Shorty also continued his mission to
                                                    promote the "Indianisation of calypso",
                                                    writing a number of songs that presaged
                                                    the current boom in Trinidad of
                                                    Indian-influenced "chutney soca". Last
                                                    month, he and his band released God's
                                                    Calypsonian, containing reworkings of
                                                    "Lord Shorty" hits that he had no
                                                    objection to, plus more recent numbers. 

                                                    Garfield Blackman (Ras Shorty I),
                                                    calypsonian, born October 6 1941; died
                                                    July 12 2000 

    
  
 
NY TIMES
        
           Ras Shorty I, 59, Created Modern Calypso Sound
                By THE ASSOCIATED PRESS 

                     PORT-OF-SPAIN, Trinidad, July 14 -- Ras Shorty I, creator of 
                     soca, a fusion of calypso and an up-tempo beat that he said 
                represented the true soul of calypso, died on Wednesday. He was 59 
                and had been ill with bone cancer.  

                Ras Shorty I, whose original name was Garfield Blackman, started 
                singing calypso as Lord Shorty. He was responsible for fusing traditional 
                calypso with an up-tempo "soca" beat, what he called the "Indianization"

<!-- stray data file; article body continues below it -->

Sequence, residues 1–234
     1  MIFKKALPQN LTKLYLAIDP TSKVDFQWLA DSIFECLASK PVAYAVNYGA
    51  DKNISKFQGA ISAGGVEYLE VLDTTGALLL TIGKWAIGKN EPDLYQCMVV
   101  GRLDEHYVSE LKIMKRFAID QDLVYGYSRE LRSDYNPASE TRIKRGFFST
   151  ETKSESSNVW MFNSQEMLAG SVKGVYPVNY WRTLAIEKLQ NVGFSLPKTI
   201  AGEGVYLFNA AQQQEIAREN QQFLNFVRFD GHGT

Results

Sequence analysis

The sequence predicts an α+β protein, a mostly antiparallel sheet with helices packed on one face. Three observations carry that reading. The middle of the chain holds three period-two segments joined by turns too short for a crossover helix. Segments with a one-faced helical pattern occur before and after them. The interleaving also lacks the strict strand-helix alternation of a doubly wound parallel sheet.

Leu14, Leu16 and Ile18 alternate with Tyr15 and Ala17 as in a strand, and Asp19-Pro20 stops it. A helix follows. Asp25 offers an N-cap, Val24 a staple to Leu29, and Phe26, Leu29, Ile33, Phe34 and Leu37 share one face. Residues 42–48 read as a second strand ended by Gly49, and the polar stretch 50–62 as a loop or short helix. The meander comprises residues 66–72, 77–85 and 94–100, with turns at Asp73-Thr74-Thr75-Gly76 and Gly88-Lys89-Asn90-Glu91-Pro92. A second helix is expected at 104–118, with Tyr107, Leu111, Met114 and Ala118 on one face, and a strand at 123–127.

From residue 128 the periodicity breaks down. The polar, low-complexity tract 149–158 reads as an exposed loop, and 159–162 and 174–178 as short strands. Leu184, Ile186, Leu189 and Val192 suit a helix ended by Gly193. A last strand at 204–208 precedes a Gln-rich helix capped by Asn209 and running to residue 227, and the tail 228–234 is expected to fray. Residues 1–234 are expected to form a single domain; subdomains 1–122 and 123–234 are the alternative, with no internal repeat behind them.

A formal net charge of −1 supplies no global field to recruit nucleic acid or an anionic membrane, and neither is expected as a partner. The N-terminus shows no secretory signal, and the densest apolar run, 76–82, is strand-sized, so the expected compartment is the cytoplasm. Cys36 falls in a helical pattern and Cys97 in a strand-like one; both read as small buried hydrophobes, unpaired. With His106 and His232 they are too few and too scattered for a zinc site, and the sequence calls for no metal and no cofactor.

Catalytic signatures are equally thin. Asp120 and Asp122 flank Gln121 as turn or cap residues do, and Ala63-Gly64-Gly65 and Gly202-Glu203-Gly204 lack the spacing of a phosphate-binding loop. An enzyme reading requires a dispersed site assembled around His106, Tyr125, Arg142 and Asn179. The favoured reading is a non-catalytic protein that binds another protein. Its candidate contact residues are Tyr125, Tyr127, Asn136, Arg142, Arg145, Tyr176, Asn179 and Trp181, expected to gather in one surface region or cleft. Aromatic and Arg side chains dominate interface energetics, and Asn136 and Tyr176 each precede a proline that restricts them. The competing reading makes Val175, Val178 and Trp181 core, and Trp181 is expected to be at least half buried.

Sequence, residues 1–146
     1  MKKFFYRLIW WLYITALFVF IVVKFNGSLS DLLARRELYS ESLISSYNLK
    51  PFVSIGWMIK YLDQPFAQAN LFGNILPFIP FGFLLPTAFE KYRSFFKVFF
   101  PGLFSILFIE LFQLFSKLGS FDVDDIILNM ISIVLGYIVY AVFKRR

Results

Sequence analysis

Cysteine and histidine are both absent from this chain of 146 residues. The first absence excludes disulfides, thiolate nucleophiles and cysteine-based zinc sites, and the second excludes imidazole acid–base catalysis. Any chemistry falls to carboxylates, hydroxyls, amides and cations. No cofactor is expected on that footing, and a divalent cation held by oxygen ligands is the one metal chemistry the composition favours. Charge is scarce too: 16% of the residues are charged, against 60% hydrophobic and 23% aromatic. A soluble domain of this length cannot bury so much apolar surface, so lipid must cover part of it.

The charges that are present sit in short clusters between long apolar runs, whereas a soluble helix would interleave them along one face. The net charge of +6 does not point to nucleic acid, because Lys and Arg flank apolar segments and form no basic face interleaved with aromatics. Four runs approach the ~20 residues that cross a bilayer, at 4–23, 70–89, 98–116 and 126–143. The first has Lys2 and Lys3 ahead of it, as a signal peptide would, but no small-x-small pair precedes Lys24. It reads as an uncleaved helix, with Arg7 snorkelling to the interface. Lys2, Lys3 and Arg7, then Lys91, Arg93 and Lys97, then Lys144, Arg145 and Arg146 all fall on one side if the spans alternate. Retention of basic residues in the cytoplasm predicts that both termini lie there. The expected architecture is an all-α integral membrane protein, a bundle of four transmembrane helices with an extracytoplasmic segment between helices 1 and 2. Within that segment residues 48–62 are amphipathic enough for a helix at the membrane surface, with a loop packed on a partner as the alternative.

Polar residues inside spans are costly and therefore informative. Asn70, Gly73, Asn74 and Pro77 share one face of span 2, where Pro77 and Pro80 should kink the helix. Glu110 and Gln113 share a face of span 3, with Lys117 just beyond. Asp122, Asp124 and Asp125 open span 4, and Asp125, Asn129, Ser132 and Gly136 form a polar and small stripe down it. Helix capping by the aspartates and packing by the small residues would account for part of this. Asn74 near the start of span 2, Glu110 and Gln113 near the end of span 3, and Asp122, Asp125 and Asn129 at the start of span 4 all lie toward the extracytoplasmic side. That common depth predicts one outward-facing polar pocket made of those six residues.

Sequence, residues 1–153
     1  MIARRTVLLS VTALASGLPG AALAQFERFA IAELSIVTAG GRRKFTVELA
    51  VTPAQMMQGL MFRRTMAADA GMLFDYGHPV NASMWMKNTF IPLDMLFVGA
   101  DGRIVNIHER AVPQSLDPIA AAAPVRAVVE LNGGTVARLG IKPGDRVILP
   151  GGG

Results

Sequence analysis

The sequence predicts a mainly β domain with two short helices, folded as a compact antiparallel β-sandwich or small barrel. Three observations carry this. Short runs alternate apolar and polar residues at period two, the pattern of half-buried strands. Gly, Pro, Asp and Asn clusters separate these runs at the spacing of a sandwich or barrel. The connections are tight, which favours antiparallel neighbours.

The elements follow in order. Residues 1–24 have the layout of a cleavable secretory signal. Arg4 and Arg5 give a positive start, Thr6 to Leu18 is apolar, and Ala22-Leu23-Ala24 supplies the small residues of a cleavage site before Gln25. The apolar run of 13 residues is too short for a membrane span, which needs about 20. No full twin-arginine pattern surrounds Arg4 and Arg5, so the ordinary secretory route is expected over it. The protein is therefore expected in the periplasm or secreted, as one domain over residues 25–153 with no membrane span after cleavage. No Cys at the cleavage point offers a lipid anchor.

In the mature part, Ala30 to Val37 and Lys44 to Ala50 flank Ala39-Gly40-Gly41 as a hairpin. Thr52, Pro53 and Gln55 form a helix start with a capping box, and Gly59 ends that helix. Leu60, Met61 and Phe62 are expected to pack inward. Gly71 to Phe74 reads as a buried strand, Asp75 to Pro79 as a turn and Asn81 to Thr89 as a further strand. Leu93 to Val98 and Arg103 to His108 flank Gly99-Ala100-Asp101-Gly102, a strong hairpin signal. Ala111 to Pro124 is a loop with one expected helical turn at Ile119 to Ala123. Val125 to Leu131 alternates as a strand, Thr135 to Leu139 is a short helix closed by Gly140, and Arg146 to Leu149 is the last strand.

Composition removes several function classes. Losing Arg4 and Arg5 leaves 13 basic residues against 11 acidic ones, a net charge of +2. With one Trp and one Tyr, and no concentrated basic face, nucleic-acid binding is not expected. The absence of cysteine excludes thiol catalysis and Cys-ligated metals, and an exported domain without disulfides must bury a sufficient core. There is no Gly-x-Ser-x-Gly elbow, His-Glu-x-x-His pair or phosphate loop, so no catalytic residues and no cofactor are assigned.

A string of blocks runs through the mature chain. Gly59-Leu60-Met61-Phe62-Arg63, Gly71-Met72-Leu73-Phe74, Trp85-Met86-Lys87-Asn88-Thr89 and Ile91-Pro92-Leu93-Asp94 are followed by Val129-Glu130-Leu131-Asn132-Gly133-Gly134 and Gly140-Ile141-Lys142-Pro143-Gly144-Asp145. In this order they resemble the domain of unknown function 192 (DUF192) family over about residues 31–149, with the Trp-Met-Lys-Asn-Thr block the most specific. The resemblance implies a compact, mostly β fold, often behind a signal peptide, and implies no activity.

of calypso, bringing together the music of his Caribbean nation's two 
                major ethnic groups, the descendants of African slaves and of indentured 
                laborers from India.  

                In "Endless Vibrations," his first soca song, composed in 1974, he sang 
                of his need to "change the musical structure, make it super sweeter . . . 
                bring out that funky feeling." Dozens of musicians adopted his style, 
                taking soca to the dance halls of the world.  

                "Shorty was able to succeed in his attempts to modernize calypso, 
                especially to package it for young people, and I recognize him as the 
                father of soca," the calypso performer Mighty Sparrow said on 
                Thursday.  

                Lord Shorty would soon undergo a transformation himself. He became a 
                Rastafarian, changed his name to Ras Shorty I, and moved with his family 
                to a forest. He then changed his music to incorporate spiritually uplifting 
                lyrics and a new rhythm he called jamoo.  

                He is survived by his wife, Claudette, and their 14 children. 

 
       
 

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All-Music Guide
 
 The rhythms of calypso and the drone-heavy music of East India were combined to create the energetic musical hybrid, Soca, by Trinidad-born vocalist Lord Shorty (born: Garfield Blackman). During a 1979 interview with "Carnival Magazine", Lord Shorty recalled, "I was trying to find something new because the talk was that calypso was dying and reggae was the thing....I felt it needed something brand new to hit everybody like a thunderbolt".  
  
 Focusing on calypso in the early-1970s, Lord Shorty experimented with altering the rhythm until "introducing" soca with his hit song, "Ïndrani", in 1973. The new rhythm combined the musical traditions of the two main ethnic groups in Trinidad and Tobago. Lord Shorty initially referred to the rhythm as "solka", later explaining, "the 'so' comes from calypso and the 'Kah"' to show the East Indian thing in the rhythm.The name of the rhythm was later changed to "soca" by a musical journalist.  

 Although his early soca recordings utilized instruments, including the dholak, the dhantal and the mandolin, associated with East Indian music, Lord Shorty went towards a more standard instrumentation, including drums and guitar, beginning with his 1975 album, Endless Vibration.  Converting to Rastafarianism in 1981, Lord Shorty changed his stage name to Ras Shorty I. He continued to explore new musical ground with Love Circle, a band featuring thirteen of his children. In the late-1980s, he introduced a new style of music, jamoo, which combined elements of reggae and gospel. -- Craig Harris